NEW YORK — There’s an old saying that if you love what you do, you’ll never work a day in your life. A new survey finds many also believe if you don’t like your job, you won’t make much money either. Four in five American entrepreneurs say if you’re not passionate about what you do – your business will fail. The coronavirus pandemic, it seems, has led many business owners to reflect on their work and potential changes they could make as a result of the economic downturn.
The OnePoll study asked 1,000 American entrepreneurs and business owners about the biggest lessons they’ve learned from starting a business – especially during COVID-19. While the pandemic has naturally been a big challenge for the majority of small business owners, the average respondent said they’ve had seven “aha moments” on how to further improve.
The survey, commissioned by Kajabi – an all-in-one knowledge commerce platform – reveals that despite the challenges of COVID-19, 78 percent of respondents have used lockdown as an opportunity to further plan how to grow their business once things return to normal.
Starting a business takes time
On average, respondents have been working on their business concepts for six years. They noted it took them four years just to start turning real profits and five years to start feeling like a real success. For over half of those surveyed, their biggest motivation when starting their business was seeing a need in their community that wasn’t being filled.
Another 52 percent want to be their own boss and 33 percent want the opportunity to make money independently. The average respondent also saved an average of $2,509.27 before they even started their business. They also lost an average of $935.33 within their first year of operations.
Men actually lost more money than women within their first year, reporting an average of $992.77 in losses compared to $880.29 for female business owners. Most businesses have come a long way since their initial start, as 71 percent say their business is drastically different today than when they first opened.
“In the last several months alone, we’ve seen countless people who experienced layoffs or furloughs due to COVID-19 capitalize on the strong demand for online learning by packaging up their unique expertise as an online business offering,” says Kenny Rueter, CEO and Co-Founder of Kajabi, in a statement. “By monetizing their existing knowledge, many of these users can now sustain their financial obligations and day-to-day needs during such uncertain times. They’re discovering that by launching digital products which typically carry lower overheads, they’re becoming profitable at faster rates than traditional business.”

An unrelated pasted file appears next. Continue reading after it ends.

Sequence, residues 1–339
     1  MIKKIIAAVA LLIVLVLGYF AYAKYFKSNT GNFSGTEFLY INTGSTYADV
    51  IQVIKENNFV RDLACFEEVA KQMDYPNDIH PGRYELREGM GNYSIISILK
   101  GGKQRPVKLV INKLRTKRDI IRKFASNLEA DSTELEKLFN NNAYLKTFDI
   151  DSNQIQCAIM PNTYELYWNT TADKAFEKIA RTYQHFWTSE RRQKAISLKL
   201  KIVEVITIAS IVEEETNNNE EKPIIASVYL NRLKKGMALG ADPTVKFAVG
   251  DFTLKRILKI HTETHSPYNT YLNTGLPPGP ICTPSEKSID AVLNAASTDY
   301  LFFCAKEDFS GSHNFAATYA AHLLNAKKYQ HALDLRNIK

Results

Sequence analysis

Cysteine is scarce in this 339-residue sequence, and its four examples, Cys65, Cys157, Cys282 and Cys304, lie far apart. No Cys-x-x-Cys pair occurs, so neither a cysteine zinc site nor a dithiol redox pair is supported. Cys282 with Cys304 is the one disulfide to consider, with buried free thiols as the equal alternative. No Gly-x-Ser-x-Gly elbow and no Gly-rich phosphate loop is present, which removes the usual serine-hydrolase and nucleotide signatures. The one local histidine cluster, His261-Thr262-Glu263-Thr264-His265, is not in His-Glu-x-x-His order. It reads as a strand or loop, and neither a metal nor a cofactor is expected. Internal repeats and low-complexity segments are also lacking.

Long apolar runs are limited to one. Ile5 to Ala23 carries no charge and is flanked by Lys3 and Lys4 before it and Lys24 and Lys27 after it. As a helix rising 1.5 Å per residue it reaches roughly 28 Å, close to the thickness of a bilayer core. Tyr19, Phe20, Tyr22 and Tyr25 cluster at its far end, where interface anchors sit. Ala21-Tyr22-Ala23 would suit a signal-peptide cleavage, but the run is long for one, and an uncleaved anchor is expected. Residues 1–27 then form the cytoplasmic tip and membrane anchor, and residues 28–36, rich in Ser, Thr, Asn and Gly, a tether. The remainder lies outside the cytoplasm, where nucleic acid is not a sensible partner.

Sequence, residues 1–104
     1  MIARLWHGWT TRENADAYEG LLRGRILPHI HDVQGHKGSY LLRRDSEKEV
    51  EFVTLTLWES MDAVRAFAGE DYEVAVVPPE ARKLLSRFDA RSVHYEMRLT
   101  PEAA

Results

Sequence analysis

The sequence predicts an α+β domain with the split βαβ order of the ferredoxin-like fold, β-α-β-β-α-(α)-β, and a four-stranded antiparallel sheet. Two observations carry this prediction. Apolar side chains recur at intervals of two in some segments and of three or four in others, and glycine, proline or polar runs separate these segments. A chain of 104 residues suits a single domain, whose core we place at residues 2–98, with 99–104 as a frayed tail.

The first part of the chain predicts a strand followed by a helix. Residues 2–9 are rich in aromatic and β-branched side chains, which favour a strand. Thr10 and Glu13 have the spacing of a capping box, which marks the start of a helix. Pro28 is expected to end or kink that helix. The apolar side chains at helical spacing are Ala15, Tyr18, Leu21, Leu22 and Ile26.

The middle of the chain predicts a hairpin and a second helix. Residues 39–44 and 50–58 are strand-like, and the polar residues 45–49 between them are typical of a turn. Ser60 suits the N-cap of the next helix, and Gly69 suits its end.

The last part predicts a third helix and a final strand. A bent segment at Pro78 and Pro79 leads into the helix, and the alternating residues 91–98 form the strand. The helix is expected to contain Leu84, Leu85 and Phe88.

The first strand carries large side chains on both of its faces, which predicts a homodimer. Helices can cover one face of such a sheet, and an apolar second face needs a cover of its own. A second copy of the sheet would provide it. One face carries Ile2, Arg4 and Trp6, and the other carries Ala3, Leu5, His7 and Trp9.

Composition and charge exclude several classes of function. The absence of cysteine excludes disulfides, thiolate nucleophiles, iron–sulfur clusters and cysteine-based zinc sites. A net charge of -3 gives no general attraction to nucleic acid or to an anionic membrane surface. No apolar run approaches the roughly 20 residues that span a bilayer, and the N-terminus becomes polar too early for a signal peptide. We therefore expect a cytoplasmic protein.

Asking for help can be a hard thing to do
The hardest thing for business owners surprisingly wasn’t raising the money to start, it was actually learning to ask for help (41%), with their start-up funds closely behind (40%).
Another 36 percent said they struggled to learn how to embrace change, 34 percent had a hard time finding the time to relax, and 16 percent struggled to accept criticism. One challenge that respondents are struggling with now is learning how to improve their online presence. Two in three American entrepreneurs (67%) are struggling to improve their online presence, but they don’t know where to go for help.
“There is so much noise in the entrepreneurial corner of the internet,” Rueter explains. “Beginners get pulled in so many directions and get stuck trying to master too many skills at once. Even seasoned business owners get bogged down by second-guessing and shiny objects.”